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Teacher Spotlight

Teacher Spotlight: Wendy Frazier

Santa Fe High School, Santa Fe, Texas

Describe your pathway from being a university professor to a high school science teacher? How did the process impact your teaching career? Was there a seminal event that encouraged you to teach high school? Had you taught high school before working at the

I began teaching full time in 1994 at J. Frank Dobie High School in Pasadena ISD, a district outside Houston, Texas. I taught mostly biology, but also anatomy/physiology, physical science, and health.
After receiving my doctorate in science education from Teachers College-Columbia University in 2001, I began teaching future and inservice science teachers at the university level and enjoyed this opportunity to delve more deeply into research on teaching methods that best meet the needs of K–12 students.

On May, 18, 2018, a horrific event occurred in a local high school, Santa Fe High School, in Santa Fe, Texas, outside of Houston in Galveston County, Texas. While watching the scene of heartbroken parents and students unfold on my television, with a pain in my chest, I knew that I was being called to serve the community of Santa Fe by providing the students and faculty with encouragement and love, providing compassionate thoughts, and to support the emotional, as well as the academic success, of the students and faculty.

I understood that what I had been telling my university students throughout the years would now be truly challenged: Our calling as teachers is to “teach children,” not to “teach science.” My students need stability for them to be able to learn. They need to feel safe before they will accept the academic challenges I plan for in my classroom.

Though I appreciated the opportunity to influence the practice of many teachers during my university teaching days, I had been missing the day-to-day energy that a high school provides. Now that I have made the move, some days are crazy, some days I’m exhausted. I learn from my students every day, and most days they learn as well. I would never wish for anything else and am grateful I returned to high school teaching—I love teaching at Santa Fe High School—my students are my heart.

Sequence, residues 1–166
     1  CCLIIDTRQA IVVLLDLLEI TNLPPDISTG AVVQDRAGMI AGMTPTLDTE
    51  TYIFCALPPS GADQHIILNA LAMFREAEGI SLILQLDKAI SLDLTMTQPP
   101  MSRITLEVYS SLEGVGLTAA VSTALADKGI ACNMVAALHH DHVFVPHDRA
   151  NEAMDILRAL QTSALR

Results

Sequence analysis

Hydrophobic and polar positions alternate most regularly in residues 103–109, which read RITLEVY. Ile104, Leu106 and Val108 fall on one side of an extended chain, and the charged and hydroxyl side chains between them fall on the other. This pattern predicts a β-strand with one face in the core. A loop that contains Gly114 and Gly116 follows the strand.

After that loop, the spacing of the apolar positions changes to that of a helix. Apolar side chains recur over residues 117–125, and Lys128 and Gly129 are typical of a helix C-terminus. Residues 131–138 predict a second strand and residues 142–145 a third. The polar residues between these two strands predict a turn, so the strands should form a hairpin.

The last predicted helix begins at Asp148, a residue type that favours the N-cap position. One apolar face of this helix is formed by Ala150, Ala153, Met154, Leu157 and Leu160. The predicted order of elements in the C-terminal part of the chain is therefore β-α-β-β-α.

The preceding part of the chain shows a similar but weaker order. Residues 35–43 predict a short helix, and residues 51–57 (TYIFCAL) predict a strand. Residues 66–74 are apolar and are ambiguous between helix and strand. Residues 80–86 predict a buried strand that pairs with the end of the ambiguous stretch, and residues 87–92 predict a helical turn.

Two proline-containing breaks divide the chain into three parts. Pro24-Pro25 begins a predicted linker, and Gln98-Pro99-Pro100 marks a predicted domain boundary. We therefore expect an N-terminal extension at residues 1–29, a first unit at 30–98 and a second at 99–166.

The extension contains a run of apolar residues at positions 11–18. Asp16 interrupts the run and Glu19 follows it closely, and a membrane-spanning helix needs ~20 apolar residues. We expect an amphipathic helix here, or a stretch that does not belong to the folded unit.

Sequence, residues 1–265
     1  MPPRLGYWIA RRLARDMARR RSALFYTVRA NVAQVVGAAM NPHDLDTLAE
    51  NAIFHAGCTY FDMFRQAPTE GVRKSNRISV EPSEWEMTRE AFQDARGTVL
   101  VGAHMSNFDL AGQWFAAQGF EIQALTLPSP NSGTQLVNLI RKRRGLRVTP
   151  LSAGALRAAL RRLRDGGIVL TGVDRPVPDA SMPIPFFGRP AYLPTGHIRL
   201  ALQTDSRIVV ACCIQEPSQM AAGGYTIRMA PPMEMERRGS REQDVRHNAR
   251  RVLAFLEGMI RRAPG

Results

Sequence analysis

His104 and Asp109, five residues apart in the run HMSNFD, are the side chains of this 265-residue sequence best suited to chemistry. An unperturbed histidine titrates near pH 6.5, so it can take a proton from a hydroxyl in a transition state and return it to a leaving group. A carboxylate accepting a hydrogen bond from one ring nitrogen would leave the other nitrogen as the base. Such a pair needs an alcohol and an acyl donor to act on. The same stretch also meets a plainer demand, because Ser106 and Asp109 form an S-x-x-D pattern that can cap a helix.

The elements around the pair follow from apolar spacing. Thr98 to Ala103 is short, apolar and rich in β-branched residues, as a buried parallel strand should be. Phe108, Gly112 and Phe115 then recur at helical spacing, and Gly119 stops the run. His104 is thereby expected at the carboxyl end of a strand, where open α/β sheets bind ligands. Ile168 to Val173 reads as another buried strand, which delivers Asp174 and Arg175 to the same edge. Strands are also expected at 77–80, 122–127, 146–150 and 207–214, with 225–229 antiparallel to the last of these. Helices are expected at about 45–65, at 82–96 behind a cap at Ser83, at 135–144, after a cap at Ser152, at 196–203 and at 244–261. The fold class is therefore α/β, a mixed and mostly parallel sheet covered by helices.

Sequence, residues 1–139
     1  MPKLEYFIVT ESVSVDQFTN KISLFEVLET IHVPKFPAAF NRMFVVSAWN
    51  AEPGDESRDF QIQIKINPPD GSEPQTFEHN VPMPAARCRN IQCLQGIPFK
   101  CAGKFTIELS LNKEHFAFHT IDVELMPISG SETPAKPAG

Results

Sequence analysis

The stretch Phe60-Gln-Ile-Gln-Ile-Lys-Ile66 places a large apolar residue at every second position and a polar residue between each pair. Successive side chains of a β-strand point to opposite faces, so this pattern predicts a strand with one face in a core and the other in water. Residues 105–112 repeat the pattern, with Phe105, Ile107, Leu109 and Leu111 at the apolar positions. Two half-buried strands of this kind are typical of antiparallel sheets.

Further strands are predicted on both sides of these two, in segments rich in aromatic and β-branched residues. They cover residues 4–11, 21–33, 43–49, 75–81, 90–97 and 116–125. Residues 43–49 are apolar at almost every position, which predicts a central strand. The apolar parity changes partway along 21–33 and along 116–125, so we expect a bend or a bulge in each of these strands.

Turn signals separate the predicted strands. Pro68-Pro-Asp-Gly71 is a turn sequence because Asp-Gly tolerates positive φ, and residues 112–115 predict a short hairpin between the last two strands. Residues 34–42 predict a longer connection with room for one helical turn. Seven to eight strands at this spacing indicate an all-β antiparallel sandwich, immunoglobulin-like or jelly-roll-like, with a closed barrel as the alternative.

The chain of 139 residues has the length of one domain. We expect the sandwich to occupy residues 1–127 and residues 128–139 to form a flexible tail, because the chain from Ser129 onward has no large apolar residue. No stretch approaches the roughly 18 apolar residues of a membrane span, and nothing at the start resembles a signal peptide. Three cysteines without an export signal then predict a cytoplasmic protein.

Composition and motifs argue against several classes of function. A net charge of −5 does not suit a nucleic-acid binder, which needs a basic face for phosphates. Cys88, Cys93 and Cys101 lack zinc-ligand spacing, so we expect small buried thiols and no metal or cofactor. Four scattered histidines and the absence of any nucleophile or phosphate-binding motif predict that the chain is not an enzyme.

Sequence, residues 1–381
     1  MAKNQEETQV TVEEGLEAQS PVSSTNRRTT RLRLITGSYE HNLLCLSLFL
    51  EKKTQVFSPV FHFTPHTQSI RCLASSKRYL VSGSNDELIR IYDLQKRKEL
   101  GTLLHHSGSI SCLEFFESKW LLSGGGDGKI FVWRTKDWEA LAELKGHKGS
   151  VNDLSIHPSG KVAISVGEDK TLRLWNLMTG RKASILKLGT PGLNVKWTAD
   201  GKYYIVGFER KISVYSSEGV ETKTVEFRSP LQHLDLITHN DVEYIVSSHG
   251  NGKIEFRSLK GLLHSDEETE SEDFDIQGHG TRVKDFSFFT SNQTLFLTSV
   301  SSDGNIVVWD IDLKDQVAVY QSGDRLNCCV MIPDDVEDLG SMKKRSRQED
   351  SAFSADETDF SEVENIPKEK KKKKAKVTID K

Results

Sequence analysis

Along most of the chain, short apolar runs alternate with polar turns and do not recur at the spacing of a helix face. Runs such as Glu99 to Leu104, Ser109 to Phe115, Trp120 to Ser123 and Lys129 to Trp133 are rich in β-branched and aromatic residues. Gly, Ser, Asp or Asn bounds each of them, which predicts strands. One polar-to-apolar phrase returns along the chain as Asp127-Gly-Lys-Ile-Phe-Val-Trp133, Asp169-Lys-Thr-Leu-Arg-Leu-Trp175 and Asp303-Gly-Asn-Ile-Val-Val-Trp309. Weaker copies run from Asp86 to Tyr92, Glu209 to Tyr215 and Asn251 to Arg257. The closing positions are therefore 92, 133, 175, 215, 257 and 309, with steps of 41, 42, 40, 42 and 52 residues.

Describe your school and classes.

I teach at Santa Fe High School, halfway between Houston and Galveston, Texas. I teach all ninth-grade biology and I love my students dearly.

What are some of the resources you use for ideas and inspiration?

I rely on my colleagues for a lot for resources. Some resources include PhET simulations, NSTA’s magazine library, and TEKS resource center provided by my district and state.

Talk about your teaching methods. In what ways do you encourage innovative thinking in your classes? How do you keep everyone engaged?

I really like it when I am able to help my students draw connections between what they are learning and current events. I also prefer to use the 5E model where students learn through inquiry and hands-on learning experience.

What’s the one project that you’ve always wanted to do but have never been able to, due to lack of time, money, etc.?

This spring I really would like to have my students run a gel and interpret their findings! I think I’m going to be able to work that out and am so excited for them to experience it! It will be a first for me to run a gel with high schoolers. It is now much cheaper to do than it was in the ’90s and it is very clearly built into the curriculum guidelines now.

What do you feel is the most important big-picture takeaway for your students? If nothing else, what one thing do you want them to learn?

Respect yourself, respect others, and respect the environment. These are my class rules.

Describe a time a student impacted your life.

I am impacted all the time by my students—I love it when they laugh. I love it when they ask me to do the plasma membrane dance once more or to act like a paramecium while waiting for the pep rally to start. I love it when I see them be kind to one another.

How do you teach media literacy with your students and why do you think it is critical in the times we live in.

Media literacy has been one of the most challenging aspects of teaching in high school now versus in the ’90s. Students are bombarded with messages from social media. In fact, my students view and use the internet as if the whole thing were social media.

I look at a news site and I read the article. For the same news site, they first go to the comments and make a comment before even reading much more than the title and perhaps a sentence or two. I find that I need to be very specific in my instructions. I also tend to have students rely on web-based news resources that are available inside our protected technology environment.

What is the most memorable project/lab/activity that you do with your students that they will remember when they are 80 years old?

This year we made biospheres—it was hard to keep my students from opening their jars. We used a variety of plant life, sludge and water from local water sources including horse troughs (!), invertebrates, like snails, and vertebrates, such as minnows. Students were challenged to plan and implement a biosphere capable of recycling everything life would need to survive and flourish inside the bottle. After many, many observations students decided there were some instructions that they would want to leave for future ninth graders.

Topics

Careers New Science Teachers

Levels

High School

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